During the pandemic when buildings were shuttered, record numbers tuned in to Mission Lakes’ online services. Word had spread that Mission Lakes provided an online experience that smaller churches in town simply couldn’t match. Pastors and staff initially saw the pandemic as a gateway to tremendous growth once they reopened their doors.
Yet at the same time Mission Lakes’ leaders also began to observe the attitudes and actions of its members in response to COVID-19 and race relations. They hoped to hear stories of members bringing “church” to neighbors and engaging non-believers in spiritual conversations during the pandemic. Despite lacking diversity, they had hoped to see members reaching out proactively to African Americans to bridge divisions and share the love of Jesus. Instead what they found is a congregation unprepared to step into the mission field – more filled with fear than faith and more inclined toward strong opinions than loving intervention. Those observations kept the senior pastor up nights, wondering whether Mission Lakes had lost its first love. Maybe the church wasn’t truly transforming lives within its congregation and across the city. He decided it was time for a new strategy and path forward reemphasizing these Kingdom principles…
- Repentance – The first step is a public confession, acknowledging that accountability for disciple-making starts at the top. Then, present a new course of action focused on depth, both in terms of intentional discipling relationships and challenging teaching in sermons and small groups. Jesus, Peter, Paul and John the Baptist all came out the gates preaching repentance, so speak truth about sin and confront tough issues. No longer allow growth to be an idol, letting attractional strategies soften the blow of the Gospel and downplay the costs of following Jesus.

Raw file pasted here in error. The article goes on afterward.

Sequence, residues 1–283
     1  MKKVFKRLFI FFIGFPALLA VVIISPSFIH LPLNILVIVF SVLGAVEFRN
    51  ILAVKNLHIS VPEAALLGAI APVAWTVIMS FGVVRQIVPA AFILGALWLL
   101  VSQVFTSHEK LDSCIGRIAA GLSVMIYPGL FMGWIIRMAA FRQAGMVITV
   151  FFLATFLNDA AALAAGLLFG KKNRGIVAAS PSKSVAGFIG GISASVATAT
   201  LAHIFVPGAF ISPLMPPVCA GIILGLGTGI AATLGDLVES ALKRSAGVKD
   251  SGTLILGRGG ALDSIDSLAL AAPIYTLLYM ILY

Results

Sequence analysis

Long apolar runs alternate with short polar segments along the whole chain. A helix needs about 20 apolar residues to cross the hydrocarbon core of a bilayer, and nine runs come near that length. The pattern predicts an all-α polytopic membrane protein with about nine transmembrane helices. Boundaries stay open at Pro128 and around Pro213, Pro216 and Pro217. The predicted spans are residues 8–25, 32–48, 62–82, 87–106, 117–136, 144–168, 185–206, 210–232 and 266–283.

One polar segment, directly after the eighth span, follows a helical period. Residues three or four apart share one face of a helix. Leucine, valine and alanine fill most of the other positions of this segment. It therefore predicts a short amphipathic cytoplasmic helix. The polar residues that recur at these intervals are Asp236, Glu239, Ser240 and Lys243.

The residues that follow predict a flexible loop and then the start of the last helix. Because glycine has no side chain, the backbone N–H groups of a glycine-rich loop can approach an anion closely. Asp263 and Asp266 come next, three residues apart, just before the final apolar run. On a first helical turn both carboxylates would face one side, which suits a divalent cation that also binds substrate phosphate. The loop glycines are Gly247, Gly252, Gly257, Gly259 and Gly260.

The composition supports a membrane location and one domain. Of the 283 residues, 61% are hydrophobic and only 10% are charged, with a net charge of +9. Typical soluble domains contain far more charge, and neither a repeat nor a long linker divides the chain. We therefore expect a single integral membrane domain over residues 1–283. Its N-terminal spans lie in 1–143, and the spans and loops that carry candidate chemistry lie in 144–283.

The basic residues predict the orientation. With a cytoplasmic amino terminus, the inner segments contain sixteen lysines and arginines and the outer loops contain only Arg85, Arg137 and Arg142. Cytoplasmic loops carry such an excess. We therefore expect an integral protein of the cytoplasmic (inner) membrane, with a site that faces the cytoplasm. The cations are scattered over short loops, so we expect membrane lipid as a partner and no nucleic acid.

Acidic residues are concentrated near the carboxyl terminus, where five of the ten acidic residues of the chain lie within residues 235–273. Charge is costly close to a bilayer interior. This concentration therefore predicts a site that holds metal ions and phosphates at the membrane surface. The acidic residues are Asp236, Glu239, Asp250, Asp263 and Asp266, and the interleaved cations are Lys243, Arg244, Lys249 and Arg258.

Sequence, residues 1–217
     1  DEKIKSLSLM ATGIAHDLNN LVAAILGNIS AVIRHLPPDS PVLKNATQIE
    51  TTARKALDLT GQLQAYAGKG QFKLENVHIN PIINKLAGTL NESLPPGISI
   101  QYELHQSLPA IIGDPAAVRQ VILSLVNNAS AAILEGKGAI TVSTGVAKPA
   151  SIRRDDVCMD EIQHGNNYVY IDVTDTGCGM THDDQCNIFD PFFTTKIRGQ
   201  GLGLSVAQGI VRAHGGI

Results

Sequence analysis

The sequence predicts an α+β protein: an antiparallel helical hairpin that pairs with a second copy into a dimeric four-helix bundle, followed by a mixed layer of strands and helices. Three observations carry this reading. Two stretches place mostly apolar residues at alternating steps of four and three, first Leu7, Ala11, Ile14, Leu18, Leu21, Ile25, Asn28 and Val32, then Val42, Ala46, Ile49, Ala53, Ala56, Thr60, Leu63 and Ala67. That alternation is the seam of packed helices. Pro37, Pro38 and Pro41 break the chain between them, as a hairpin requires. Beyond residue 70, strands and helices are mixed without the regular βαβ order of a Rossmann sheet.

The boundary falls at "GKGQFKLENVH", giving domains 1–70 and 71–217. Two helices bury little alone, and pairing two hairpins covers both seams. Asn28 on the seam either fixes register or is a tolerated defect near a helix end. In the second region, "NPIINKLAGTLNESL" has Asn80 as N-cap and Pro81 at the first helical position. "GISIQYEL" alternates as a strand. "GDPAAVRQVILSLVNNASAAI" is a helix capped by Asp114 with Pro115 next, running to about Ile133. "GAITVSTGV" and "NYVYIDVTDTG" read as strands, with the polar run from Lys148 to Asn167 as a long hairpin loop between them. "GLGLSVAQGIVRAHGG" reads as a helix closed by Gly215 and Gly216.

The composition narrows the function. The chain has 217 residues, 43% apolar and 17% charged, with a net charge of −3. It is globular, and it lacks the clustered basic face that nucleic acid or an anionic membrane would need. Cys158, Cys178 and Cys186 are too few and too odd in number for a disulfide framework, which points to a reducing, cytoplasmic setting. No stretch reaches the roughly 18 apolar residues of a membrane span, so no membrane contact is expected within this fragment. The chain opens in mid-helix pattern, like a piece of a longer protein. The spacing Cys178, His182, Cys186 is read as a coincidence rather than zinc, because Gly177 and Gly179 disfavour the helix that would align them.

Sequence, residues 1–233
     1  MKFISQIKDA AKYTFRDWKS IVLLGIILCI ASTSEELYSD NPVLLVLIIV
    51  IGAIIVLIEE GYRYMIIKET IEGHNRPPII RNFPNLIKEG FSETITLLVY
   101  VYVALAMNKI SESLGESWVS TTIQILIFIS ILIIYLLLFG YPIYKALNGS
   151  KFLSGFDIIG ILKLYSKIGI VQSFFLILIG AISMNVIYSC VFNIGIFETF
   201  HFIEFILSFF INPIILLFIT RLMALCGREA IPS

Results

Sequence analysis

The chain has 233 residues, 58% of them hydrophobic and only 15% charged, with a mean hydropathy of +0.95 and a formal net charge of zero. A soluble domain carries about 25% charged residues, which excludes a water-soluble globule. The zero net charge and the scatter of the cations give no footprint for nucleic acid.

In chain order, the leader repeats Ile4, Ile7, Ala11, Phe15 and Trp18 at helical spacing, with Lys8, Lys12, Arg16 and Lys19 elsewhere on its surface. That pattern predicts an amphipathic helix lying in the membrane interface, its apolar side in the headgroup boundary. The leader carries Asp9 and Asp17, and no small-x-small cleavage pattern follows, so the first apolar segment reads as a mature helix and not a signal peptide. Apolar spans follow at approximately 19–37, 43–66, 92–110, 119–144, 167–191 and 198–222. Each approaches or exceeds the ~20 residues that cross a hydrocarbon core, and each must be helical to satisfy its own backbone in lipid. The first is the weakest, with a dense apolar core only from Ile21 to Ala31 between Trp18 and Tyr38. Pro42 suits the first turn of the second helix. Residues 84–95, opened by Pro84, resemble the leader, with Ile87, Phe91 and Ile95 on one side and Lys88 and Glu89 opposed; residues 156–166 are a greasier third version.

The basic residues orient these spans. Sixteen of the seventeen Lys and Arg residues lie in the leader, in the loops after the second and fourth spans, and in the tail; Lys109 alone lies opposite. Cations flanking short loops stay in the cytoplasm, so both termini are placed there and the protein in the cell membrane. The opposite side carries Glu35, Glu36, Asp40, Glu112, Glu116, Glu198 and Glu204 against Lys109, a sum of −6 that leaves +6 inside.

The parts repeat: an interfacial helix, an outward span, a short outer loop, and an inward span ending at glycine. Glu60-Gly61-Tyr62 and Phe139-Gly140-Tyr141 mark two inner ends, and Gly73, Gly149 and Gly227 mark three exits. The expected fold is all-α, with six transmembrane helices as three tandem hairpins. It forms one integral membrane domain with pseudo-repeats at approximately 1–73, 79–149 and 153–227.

- Surrender – Next, align goals and metrics around Jesus’ expectations. The Lord asks far more than repeating the sinner’s prayer and getting involved in “church chores”. The price He paid for our redemption leaves no room for “cheap grace”, faith without works. The consequences of Mission Lakes setting a low bar, ignoring the need for sanctification following justification, became apparent during the pandemic. Transformation should be the benchmark for members.
- Discipleship – Unveil a decentralized structure and personal growth track to ensure Mission Lakes never again finds itself unprepared to be effective for Christ when scattered, unable to gather. Decrease dependence on the buildings and weekend services. Turn small groups into neighborhood groups, commissioned to infiltrate communities through outreach, service and relationship-building. Gear youth ministries toward arming kids to withstand the secular onslaught from friends and professors.
- Compassion – Deploy disciples into ongoing, relational ministry to those impacted in any way by the Coronavirus pandemic or racial injustice. Emphasize cross-cultural bridge-building, spanning socioeconomic and racial lines, through outreach and service. Better steward Mission Lakes’ underutilized resources and facilities, leveraging them to deliver programs and services needed by families in each community during these challenging times.
It’s Your Turn…
Beyond improved online capabilities, will your church be different than it was a year from now as a result of its learnings from the current crises? If your church’s leaders had known COVID-19 and protests of racial injustice were coming, what would you have suggested be adjusted to ensure your congregation was ready to assume responsibility for bringing light into the darkness?